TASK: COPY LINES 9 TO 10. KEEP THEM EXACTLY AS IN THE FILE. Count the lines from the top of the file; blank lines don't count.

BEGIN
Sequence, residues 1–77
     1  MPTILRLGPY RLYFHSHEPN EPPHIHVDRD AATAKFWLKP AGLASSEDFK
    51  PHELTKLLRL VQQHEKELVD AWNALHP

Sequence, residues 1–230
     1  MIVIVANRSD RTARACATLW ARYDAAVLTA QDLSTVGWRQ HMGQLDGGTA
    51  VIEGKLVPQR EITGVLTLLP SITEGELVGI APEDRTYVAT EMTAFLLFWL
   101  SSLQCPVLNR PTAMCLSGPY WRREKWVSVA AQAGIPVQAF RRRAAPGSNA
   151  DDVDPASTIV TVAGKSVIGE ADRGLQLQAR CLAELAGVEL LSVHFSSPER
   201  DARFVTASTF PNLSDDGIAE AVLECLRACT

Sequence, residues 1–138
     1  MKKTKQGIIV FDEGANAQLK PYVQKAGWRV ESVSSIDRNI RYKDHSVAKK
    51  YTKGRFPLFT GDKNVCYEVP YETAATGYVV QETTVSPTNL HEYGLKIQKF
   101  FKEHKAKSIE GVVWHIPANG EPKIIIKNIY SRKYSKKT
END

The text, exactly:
   201  DARFVTASTF PNLSDDGIAE AVLECLRACT

Sequence, residues 1–138